Rain Reign

Rain Reign by Ann M. Martin

Reviewed by Lindsay Williams, Library Media Specialist

February 6, 2020

Rain Reign grabbed my attention because it features a main character with autism (Rose), and my youngest son has autism. Combine that with a beloved dog featuring prominently in the plot, and I knew that I was in for an emotional read. The book is told from Rose’s perspective, and readers quickly learn a great deal about her. She has high-functioning autism, requires the assistance of an aide at school, focuses intensely on homonyms and prime numbers, and absolutely loves her dog Rain, named because her dad found her in the rain outside a bar and because rain has two other homonyms (rein, reign). Her relationship with her father is difficult. He is a single father who has a quick temper and suffered abuse as a child, he stays out drinking many nights, and he doesn’t understand (or attempt to understand) Rose much at all. Luckily for Rose, her uncle Weldon does his best to make sure Rose is well-cared-for, but she still struggles to fit in at school and often gets teased.

Most descriptions of Rain Reign tell readers that this book is about what Rose experiences when Rain goes missing during a major storm; however, this book is really the story of Rose’s struggle to understand herself and the world around her. I could hardly put this book down at all, and toward the end, I actually found myself chewing my fingernails in anticipation of what would happen next. There are several big surprises that take place that I really wasn’t expecting, even though I was genuinely wishing for a couple of them. And without revealing any spoilers, a couple of others broke my heart.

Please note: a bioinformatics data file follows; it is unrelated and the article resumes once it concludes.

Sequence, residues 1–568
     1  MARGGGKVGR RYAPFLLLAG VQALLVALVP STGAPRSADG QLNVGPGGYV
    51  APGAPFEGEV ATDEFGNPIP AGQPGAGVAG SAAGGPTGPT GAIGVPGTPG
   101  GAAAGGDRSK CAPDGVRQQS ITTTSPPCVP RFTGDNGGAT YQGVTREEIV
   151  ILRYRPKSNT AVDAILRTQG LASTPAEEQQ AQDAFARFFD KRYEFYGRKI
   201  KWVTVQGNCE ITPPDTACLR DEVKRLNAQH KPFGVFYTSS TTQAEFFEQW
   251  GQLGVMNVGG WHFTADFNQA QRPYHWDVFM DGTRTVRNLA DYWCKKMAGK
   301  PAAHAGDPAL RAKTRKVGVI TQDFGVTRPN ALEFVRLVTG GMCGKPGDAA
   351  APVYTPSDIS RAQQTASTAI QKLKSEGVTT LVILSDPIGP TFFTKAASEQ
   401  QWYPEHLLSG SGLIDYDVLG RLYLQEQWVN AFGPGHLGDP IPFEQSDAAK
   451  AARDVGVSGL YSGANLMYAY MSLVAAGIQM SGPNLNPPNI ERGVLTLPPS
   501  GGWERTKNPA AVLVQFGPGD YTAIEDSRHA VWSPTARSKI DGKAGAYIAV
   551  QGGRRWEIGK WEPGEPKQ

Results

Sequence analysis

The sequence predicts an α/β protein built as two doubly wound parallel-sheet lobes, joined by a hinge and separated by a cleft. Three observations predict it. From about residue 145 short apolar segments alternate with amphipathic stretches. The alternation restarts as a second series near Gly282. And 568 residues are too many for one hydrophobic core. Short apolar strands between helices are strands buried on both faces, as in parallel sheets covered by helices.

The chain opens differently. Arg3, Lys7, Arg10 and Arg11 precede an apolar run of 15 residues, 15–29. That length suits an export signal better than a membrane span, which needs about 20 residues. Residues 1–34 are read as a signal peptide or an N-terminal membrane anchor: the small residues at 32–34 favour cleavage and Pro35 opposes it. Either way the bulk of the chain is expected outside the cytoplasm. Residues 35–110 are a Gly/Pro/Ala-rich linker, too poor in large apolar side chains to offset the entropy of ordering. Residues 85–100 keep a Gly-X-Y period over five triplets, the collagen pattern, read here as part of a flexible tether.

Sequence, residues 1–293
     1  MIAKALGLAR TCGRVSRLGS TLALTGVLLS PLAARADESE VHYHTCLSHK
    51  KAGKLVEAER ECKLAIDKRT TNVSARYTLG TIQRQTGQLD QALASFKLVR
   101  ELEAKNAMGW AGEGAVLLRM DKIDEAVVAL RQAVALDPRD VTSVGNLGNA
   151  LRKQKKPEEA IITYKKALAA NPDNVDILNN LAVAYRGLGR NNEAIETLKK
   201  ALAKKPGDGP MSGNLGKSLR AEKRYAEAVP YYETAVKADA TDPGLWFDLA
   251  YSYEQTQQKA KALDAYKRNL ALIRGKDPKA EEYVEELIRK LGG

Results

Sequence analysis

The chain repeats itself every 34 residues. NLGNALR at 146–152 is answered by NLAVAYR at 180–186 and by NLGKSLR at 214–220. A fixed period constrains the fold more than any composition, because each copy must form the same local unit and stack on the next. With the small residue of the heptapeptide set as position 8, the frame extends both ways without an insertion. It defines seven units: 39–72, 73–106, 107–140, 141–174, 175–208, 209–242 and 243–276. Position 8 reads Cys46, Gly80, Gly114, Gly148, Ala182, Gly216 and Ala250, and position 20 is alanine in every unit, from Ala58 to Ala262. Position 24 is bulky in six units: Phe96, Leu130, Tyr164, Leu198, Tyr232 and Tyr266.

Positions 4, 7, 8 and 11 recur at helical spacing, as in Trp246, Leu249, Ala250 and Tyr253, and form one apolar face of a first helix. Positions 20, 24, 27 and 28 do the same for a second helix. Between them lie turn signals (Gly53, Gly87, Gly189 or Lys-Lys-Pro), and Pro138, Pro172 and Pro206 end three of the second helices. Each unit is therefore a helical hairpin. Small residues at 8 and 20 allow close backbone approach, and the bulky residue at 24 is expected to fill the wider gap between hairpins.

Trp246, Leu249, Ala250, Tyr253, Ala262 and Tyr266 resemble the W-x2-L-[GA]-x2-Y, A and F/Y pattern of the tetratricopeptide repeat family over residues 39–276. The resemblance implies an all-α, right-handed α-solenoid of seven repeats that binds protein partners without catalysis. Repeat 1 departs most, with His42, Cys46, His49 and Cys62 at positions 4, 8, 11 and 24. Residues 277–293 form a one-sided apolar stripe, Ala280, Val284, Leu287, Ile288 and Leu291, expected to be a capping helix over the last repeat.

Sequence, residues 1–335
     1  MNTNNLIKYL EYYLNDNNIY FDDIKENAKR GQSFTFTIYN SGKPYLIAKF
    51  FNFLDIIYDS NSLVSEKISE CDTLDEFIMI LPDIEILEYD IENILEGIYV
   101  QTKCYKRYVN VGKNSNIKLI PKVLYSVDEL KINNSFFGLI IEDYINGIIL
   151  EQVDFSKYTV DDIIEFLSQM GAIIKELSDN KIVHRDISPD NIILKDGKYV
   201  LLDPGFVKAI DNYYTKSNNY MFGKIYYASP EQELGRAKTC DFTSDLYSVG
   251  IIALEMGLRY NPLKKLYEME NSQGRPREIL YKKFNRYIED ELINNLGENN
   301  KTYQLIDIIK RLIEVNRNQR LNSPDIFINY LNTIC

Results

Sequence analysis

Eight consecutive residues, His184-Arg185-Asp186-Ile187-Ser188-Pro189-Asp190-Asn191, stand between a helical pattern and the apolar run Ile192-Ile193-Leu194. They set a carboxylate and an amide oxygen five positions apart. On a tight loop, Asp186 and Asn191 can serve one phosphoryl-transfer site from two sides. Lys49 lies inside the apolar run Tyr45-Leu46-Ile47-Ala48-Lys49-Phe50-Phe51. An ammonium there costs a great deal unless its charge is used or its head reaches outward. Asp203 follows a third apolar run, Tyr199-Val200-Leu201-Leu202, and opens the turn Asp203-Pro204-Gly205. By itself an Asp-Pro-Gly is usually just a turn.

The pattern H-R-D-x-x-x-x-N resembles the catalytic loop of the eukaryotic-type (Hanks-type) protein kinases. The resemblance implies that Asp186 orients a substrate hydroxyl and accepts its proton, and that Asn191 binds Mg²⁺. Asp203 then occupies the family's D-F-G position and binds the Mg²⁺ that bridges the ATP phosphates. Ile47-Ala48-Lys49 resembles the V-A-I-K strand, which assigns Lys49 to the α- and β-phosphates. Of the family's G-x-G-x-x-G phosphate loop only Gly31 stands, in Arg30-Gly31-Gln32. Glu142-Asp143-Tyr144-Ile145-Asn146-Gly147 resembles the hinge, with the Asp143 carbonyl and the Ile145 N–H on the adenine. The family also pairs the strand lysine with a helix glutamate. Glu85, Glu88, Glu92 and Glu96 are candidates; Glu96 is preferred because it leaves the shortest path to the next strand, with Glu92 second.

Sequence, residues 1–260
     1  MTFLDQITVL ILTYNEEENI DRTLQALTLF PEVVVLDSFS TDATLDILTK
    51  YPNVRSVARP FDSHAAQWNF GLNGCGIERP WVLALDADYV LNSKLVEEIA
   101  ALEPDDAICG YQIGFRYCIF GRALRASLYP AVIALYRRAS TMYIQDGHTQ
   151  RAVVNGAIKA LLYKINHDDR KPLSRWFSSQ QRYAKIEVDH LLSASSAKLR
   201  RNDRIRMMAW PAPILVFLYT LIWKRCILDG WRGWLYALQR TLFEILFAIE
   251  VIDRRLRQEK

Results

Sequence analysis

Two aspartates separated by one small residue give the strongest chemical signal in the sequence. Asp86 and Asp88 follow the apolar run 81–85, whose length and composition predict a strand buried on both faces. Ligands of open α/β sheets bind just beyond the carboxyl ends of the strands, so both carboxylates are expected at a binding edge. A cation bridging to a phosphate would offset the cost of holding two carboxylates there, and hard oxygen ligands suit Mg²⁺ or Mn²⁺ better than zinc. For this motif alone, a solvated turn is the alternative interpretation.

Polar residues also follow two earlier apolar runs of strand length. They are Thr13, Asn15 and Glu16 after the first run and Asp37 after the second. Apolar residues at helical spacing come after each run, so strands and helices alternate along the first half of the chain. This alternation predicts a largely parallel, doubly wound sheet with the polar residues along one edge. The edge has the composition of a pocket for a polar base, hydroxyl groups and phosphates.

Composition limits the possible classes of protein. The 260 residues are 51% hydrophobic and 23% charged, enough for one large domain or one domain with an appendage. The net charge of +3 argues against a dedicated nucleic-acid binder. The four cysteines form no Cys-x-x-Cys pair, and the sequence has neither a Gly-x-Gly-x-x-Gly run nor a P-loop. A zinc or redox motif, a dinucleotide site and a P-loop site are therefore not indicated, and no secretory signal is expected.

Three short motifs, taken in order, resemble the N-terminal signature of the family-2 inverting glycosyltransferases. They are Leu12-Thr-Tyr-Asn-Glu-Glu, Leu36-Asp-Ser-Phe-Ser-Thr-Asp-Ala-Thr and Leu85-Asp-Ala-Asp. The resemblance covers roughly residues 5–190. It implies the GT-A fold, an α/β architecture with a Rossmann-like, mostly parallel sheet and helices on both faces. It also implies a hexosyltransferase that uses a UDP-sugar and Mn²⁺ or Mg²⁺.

Ann M. Martin has written a book that will definitely be enjoyable for preteens, teens, and adults alike. Rain Reign includes valuable lessons about accepting others, including the quirks we might not understand, but she also makes powerful points about the effects of parental abuse, judging others, and doing what’s right, no matter how hard that might be. Rose is a wonderful character. Somehow, the author has managed to get inside the mind of a child with high-functioning autism and create a character who does justice to all the people in the world on that particular end of the spectrum. Most importantly, she shows that character has a heart that is pure and good. Our world is filled with misconceptions about people with autism, and Martin’s portrayal of Rose is a powerful tool that fights those misconceptions.

rain reign

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